How To Catch An Airline Pilot Off Guard

Upfront warning: this is a totally random tangent.

To me it’s amazing how safe flying is. While the autopilot does a lot of the work nowadays, there’s still a huge human element involved, and given the volume of flights there are on a daily basis, it’s all a miracle.

For the most part we interact with gate agents and flight attendants when flying. We often don’t think of the “behind the scenes” people — pilots, mechanics, etc. — who make our travels smooth, and most importantly, safe.

While it doesn’t happen all the time, often you’ll see a pilot standing at the door upon deplaning. For several months now I’ve had a habit whereby if I see a pilot standing at the door upon deplaning I’ll say “thanks for the safe ride, I appreciate it.”

My point isn’t at all to say “isn’t that nice of me?” (that’s hardly the case), but rather to mention how odd I’ve found the reactions from pilots. I said it on a flight last week, and the captain’s response was “thanks… nobody has ever said that before.”

During my nine hour flight from Washington to Dallas the other week, the captain came into the cabin and virtually everyone was angry at him, despite the fact that he was doing an amazing job keeping passengers informed, perhaps much to his own detriment (the more updates he provided, the more agitated passengers were getting).

I was rather amused by the delay and certainly didn’t think it was the captain’s fault, so I said “thanks for keeping us informed and safe, I appreciate it.” His response? “it’s nice to know not everyone hates me today… thanks.”

Anyway, the point of this post is simply to say that I’m incredibly grateful for all the pilots that fly us safely around the world day in and day out, and the reactions to a quick thanks have been surprising. Give it a try sometime when the pilot is standing by the door. Let’s get to the point where pilots aren’t caught off guard when we thank them for keeping us safe in the skies.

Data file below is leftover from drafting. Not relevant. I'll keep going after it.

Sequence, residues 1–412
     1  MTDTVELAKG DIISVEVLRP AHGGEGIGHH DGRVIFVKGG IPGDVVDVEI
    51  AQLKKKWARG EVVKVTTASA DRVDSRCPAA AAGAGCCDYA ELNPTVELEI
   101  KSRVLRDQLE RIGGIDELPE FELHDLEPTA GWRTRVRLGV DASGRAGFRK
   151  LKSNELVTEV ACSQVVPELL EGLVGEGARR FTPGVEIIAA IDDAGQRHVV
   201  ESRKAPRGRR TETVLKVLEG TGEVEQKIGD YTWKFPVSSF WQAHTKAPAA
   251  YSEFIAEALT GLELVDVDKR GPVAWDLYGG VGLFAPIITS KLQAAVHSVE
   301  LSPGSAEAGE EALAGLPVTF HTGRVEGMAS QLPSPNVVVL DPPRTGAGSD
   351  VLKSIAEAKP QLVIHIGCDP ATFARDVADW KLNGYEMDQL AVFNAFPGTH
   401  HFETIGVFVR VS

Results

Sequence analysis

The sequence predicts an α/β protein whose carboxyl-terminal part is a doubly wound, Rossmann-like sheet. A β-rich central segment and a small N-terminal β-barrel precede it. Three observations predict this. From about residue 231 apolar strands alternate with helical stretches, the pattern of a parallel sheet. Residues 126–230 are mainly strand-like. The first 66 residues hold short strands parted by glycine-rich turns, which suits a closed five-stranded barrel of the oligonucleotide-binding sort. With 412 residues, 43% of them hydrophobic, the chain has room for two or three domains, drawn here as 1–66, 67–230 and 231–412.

American-777

Just my two cents…

Comments

  1. I love this post. I too often feel disbelief at how safe flying is. I don’t often get a chance to speak to the pilot of my flights, but when I do, I always smile and say Thank you.

    I have a friend who’s a pilot, and so I appreciate the stress and bureaucracy that pilots deal with. I also flew (a previously-scheduled flight) right after 9/11, and the entire passenger cabin gave the pilots and crew an applause ovation after we landed. While applause has been rare since then, I do indeed feel appreciative that my pilots have thus far done a uniformly good job ferrying me around on my travels.

  2. The late (and great) former manager of the Reds and Tigers, Sparky Anderson, used to say, “it doesn’t cost a dime to be nice.”

  3. I respect pilots immensely. However, I still feel occasional bitterness towards the AA pilots who pulled the passive/aggressive work stoppage crap a couple of years back. My life was an utter nightmare for that period as I travel weekly for my work. What galls me even more its that they did not have the decency to come out and apologize to the folks they impacted most – the passengers. Rant over 🙂

  4. You said it perfectly Ben. I am one that always thanks the crew and pilots before leaving the aircraft. They deal with some sh#t now a days and with passengers who have very to non people skills and etiquette that seeing those peoples smiles is heart warming. The pilots are thrilled that we have recognized their work up front and for keeping us safe. I’ve had flights that I sort of wait for the captains and FOs to walk out so I can have some conversations with them about our flight & getting to know their passion. Like the pilot who flew me to Seoul – he has been flying the 777 for many years and has thousand and thousand of hours into the aircraft. He shared a few of our little bumps we had over the pacific and the reason behind it – prior to leaving I said “thanks for sharing your passion with me, I truly enjoyed the ride” he was blown away that I said that but when we spend so much time in the air that it becomes our second home – I just gotta address it to the men and women behind those controls for many hours over the pacific. Something I’ll never stop doing.

  5. Sign of the times. We’re all so important these days, that it’s only about us anymore. Me, me, me. Things sure have changed in my lifetime. I suspect its only a few out there that acknowlege the great job these guys and gals are doing. Louis CK sums it up nicely: http://www.youtube.com/watch?v=uEY58fiSK8E

  6. Saying “thank you”, even if you got nothing more than what you paid for, is just a small kindness and goes a long way for such little effort. So good on you Ben.